Meredith Grey, one of the Grey's Anatomy kittens, had an encapsulated hernia and required a partial bowel resection.  Meredith's surgery was almost $500.

Cassie came to us after being found locked in an attic with her sibling at around 2 weeks of age.  This little one has upper eyelid agenesis - meaning she does not have any upper eyelids and as a
result, the hair surrounding her eyes scratch the cornea and she is almost blind in at least one eye.  When Cassie is 4 months old, doctors at Animal Eye Care will remove the hair around the eyes and evaluate Cassie for next treatment steps.  

Our supporters are an important part of our life-saving work; without your support we would not be able to take in extra special cats like Zammie, Hayley Mills, Cassie, and Meredith Grey.  We operate solely on donations and adoption fees and adoption fees do not fully cover the costs of basic medical care for each cat. Won't you please make a donation to help cover their medical costs or to help care for the 120+ cats kittens currently in our adoption program? Please note "general medical fund" on donation.

Kitten Season Adoption Special
With so many cats and kittens needing great homes, we have reduced our adoption fee through September to just $60 for our fully vetted cats.  How can we afford to do this?  Well, we really can't but with so many local rescue groups reducing their adoption fees for the summer, we must reduce our fee also in order to find our rescued babies homes.  Your donations will help offset the deficit between adoption fees and the cost of medical care.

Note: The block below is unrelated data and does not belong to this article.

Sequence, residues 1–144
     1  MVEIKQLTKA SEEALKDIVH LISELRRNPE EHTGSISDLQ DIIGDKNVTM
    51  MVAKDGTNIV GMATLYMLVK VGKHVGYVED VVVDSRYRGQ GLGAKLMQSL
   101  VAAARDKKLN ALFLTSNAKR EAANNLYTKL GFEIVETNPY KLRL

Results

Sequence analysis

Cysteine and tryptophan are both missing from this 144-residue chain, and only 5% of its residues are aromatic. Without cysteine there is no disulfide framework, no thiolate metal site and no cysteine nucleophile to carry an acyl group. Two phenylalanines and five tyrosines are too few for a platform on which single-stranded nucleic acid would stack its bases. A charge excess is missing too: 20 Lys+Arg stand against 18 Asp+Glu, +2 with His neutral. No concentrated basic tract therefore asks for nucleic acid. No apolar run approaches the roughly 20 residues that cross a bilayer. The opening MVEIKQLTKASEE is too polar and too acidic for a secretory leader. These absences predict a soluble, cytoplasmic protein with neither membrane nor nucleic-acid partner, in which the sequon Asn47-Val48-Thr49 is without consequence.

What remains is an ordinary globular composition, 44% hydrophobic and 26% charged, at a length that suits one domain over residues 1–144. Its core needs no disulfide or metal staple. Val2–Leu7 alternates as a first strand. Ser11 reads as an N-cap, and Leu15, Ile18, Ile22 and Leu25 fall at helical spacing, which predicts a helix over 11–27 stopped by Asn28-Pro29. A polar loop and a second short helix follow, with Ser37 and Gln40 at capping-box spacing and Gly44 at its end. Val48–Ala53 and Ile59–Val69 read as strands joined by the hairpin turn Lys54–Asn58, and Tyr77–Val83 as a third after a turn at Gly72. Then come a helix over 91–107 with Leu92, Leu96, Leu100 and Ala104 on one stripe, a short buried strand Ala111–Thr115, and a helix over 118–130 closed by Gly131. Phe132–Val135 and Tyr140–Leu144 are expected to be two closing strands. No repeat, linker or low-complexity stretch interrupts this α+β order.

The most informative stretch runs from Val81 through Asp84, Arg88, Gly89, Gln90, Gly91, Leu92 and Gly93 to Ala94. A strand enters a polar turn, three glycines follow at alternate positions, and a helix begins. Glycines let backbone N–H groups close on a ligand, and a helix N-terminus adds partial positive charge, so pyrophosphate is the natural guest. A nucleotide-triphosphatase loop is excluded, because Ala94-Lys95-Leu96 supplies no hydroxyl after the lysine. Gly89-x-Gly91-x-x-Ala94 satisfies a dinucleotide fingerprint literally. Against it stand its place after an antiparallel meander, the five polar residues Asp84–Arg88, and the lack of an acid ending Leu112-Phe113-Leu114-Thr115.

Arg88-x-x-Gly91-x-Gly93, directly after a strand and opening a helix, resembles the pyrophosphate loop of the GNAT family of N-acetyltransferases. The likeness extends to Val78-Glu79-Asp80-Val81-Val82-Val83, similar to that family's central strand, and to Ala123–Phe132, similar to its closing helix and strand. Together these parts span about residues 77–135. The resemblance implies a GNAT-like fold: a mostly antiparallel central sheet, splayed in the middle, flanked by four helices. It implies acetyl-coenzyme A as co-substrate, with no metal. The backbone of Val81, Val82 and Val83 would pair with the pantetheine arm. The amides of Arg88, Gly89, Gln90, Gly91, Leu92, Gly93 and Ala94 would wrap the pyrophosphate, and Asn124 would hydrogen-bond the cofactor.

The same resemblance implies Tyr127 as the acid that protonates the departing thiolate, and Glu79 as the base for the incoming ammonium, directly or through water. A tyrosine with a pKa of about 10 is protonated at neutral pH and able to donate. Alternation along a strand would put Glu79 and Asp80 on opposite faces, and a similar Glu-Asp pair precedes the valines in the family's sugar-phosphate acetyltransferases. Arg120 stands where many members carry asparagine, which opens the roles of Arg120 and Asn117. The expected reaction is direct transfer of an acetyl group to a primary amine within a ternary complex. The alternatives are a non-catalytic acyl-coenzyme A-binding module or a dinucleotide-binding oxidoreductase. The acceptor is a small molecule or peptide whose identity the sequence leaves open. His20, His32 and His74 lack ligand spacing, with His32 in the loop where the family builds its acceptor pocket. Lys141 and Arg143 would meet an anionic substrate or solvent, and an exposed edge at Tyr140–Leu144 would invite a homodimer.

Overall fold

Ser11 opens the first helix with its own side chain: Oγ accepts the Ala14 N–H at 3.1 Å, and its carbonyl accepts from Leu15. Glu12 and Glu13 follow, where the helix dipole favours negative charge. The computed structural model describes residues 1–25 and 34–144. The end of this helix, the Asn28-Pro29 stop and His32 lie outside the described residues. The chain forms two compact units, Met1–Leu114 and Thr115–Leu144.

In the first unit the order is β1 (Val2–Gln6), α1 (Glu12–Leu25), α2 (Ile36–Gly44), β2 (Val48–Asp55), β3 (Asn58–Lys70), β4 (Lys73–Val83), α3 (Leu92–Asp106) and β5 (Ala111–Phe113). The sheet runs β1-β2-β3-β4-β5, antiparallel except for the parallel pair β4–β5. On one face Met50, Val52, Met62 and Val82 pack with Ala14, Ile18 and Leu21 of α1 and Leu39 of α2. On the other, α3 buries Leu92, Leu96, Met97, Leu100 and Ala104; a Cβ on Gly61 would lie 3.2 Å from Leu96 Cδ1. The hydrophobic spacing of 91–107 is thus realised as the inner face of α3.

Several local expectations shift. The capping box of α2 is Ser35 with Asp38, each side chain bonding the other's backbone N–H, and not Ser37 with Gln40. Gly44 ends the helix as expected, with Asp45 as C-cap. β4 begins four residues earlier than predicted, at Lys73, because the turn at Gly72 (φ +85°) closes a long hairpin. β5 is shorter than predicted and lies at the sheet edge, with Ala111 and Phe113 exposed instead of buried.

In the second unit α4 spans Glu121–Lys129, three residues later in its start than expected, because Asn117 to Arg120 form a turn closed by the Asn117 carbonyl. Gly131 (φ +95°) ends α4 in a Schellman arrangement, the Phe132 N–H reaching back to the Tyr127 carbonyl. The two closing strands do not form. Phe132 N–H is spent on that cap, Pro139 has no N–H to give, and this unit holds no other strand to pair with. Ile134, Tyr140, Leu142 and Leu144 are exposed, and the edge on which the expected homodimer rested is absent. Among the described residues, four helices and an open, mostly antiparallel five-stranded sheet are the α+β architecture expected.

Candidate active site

New Board Members and Our TNR Task Force
Alley Cats and Angels is pleased to announce the addition of Tricia Andrew and Marie Pickering to our Board of Directors.  They will head up our expanded Feral Cat Education and Assistance program and lead our newly formed TNR Task Force.  The Feral Cat Education and Assistance program is the foot soldier fighting overpopulation -- the initial impact will curb the growing feral cat population and the benefits will be long lasting as breeding stops.  
We are very excited about our TNR Task Force as it is yet another step we are taking in our commitment to help end pet overpopulation.

Saving Lives through Prevention -- Alter an Alley Cat
We may be a small organization, but we are a mighty one!  As of August 1, 2010 (including Spay Day), Alley Cats and Angels has spayed/neutered and vaccinated over 85 cats in low-income housing and feral cats through our Alter an Alley Cat program.  Systematic spay/neuter is the only way to effectively help end pet overpopulation.  

Annual Report
Alley Cats and Angels accomplished so much in 2009 and we couldn't be more proud.  We are sure you'll agree that our first full year as an organization was nothing short of amazing as you read our 2009 Annual Report.  Visit the following link to read the report: http://alleycatsandangels.org/AlleyCatsandAngels_2009AnnualReport.pdf.